Getting things “just right” for that summer livestock show with judge Gary Childs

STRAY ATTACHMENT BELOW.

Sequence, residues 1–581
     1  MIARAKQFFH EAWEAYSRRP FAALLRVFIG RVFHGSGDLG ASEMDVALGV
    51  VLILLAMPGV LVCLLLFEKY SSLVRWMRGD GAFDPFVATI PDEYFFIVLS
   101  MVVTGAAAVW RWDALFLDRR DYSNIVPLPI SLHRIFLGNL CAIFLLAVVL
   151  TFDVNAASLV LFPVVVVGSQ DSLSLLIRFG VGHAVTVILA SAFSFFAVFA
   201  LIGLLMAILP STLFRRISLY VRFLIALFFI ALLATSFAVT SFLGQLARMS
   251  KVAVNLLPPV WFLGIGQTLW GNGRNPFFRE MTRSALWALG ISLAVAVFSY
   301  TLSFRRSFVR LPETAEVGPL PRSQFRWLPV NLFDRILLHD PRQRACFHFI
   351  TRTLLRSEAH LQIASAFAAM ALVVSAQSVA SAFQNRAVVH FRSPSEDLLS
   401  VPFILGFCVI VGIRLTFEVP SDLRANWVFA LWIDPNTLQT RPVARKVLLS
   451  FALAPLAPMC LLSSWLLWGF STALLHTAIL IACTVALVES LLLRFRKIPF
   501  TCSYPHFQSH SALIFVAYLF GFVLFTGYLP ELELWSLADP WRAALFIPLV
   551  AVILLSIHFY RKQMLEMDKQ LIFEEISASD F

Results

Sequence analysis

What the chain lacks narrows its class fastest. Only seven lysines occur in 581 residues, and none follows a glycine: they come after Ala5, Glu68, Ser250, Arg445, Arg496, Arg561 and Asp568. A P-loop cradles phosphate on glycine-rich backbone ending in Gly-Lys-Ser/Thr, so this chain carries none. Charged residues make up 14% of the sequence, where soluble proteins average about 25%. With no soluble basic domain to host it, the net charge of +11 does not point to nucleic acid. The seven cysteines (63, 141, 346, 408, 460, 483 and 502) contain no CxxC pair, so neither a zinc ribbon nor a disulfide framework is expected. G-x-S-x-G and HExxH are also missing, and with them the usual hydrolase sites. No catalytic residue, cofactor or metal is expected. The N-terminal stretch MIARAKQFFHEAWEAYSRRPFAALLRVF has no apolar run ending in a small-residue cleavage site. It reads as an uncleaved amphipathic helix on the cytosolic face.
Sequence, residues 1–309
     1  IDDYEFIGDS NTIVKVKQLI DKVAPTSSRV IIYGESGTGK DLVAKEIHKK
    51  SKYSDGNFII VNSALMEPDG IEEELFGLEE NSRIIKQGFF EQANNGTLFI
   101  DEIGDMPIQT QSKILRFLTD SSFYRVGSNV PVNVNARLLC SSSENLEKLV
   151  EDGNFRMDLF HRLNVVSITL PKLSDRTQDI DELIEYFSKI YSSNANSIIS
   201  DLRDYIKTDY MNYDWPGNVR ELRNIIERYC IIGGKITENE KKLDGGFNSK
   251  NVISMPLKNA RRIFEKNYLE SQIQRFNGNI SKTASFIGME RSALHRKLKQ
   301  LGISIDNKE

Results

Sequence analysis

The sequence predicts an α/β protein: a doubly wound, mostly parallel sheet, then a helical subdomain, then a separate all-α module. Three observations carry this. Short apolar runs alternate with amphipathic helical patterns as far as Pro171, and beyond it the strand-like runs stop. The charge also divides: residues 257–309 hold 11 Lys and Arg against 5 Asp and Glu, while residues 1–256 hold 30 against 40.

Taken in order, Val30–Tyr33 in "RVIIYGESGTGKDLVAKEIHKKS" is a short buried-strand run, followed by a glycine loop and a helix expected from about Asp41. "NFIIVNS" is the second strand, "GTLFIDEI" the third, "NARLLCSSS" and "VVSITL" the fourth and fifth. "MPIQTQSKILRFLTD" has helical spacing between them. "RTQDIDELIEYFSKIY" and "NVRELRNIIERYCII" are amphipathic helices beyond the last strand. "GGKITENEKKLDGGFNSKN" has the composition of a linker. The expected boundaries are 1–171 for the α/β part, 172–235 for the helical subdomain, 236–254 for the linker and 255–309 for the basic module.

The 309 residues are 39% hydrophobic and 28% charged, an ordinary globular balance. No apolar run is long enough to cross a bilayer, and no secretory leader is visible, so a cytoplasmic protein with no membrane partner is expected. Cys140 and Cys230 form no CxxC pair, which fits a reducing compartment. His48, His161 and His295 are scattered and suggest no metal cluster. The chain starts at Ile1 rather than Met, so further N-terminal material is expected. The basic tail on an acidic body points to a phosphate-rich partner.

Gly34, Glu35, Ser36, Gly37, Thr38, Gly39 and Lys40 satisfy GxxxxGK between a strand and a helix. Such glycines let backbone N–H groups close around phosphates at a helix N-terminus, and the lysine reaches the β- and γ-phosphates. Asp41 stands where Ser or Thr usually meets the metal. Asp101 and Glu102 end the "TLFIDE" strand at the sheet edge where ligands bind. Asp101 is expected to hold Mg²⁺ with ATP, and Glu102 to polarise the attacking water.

first_imgShare Facebook Twitter Google + LinkedIn Pinterest This time of year, Ohio State Fair exhibitors are beginning to really focus on a myriad of tasks all to prepare for one thing this summer — providing what the judge of their livestock show will be looking for in the show ring. Every exhibitor knows how much time and effort goes into getting things just right at just the right time, but what exactly is the “just right” in terms of both animal and exhibitor for earning that champion banner?Gary Childs, one of the barrow judges for the 2016 Ohio State Fair Junior Market Show, had plenty to say on the subject.“Success in the show ring requires lots of attention to many small details,” Childs said. “There are no shortcuts leading to show ring glory.”With that in mind, Childs compiled a few points to help exhibitors maximize their chances for success. Here they are. Work at homeThe harder I work, the luckier I get. Everybody wants to win the day the pigs are picked out or purchased. Everybody wants to win at the show, but not everybody is willing to put the time in it takes to develop a champion in between purchase date and show date. I tell the kids I work with that “the days you decide not to clean the pens or work on breaking your pigs to drive are the days you get beat because your competition is working!” Make the pig the limiting factorThey need to be shown at 12 o’clock! It is almost impossible to win a show at any level if the pig isn’t being driven as close as to show ready as possible. Regardless of the kind of pig a judge may or may not prefer, almost all judges select pigs that are show ready. Proper nutrition is one of the key factors for getting pigs to look their best on show day. Showing the right age pig is another huge advantage. Remember, every pig is unique and developing a specific plan for each individual is very important. ShowmanshipDon’t beat yourself. The higher the level of competition, the more important showmanship becomes if the plan is to maximize the opportunity for success. Most judges dislike having to pull that great one out of the corner that is squealing and about to stress out. Pigs have to be broken similar to a steer to get that extra look. The pig needs to have the endurance level to be able to drive at least 45 minutes without gasping for air. SportsmanshipI like to see humble winners. It is my sincere wish that every child that ever exhibits a pig is able to experience what it is like to win at least once. Learning how to win is as important as properly coping with a loss. Experiencing both winning and losing are valuable life lessons for young people. Humble winners don’t do “victory laps” in front of other competitors. Gracious losers don’t whine and pout — they address what needs to be done differently in the future. Always respect the judge’s decision. It is your right to disagree, but listen carefully to the reasons and the answer should be clear as to the placing. Family timeFamily time is the most important time. Showing pigs in 2016 has evolved into a family project. The time the exhibitor spends with their family or mentor is reason enough to show pigs, if there was no other benefit. Dad helps in his way and Mom does her thing and the child benefits almost as much as the parents. I firmly believe that the family that shows together grows together.last_img read more